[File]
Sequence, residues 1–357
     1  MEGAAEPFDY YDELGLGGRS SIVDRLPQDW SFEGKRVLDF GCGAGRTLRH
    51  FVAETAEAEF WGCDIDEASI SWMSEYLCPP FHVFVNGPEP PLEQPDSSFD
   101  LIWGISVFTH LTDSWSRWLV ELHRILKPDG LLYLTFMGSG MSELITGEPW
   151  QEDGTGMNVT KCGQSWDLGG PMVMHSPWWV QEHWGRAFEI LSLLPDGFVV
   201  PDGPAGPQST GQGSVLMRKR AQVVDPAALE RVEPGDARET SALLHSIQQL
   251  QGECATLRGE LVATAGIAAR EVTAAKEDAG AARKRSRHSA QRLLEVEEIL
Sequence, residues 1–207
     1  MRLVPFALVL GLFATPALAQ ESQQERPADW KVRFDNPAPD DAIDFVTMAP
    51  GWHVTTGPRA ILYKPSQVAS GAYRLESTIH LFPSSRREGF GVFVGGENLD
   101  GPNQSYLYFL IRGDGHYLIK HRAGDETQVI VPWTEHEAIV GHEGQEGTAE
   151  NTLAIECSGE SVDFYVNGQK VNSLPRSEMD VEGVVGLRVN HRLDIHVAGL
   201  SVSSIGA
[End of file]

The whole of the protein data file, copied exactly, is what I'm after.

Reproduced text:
Sequence, residues 1–357
     1  MEGAAEPFDY YDELGLGGRS SIVDRLPQDW SFEGKRVLDF GCGAGRTLRH
    51  FVAETAEAEF WGCDIDEASI SWMSEYLCPP FHVFVNGPEP PLEQPDSSFD
   101  LIWGISVFTH LTDSWSRWLV ELHRILKPDG LLYLTFMGSG MSELITGEPW
   151  QEDGTGMNVT KCGQSWDLGG PMVMHSPWWV QEHWGRAFEI LSLLPDGFVV
   201  PDGPAGPQST GQGSVLMRKR AQVVDPAALE RVEPGDARET SALLHSIQQL
   251  QGECATLRGE LVATAGIAAR EVTAAKEDAG AARKRSRHSA QRLLEVEEIL
Sequence, residues 1–207
     1  MRLVPFALVL GLFATPALAQ ESQQERPADW KVRFDNPAPD DAIDFVTMAP
    51  GWHVTTGPRA ILYKPSQVAS GAYRLESTIH LFPSSRREGF GVFVGGENLD
   101  GPNQSYLYFL IRGDGHYLIK HRAGDETQVI VPWTEHEAIV GHEGQEGTAE
   151  NTLAIECSGE SVDFYVNGQK VNSLPRSEMD VEGVVGLRVN HRLDIHVAGL
   201  SVSSIGA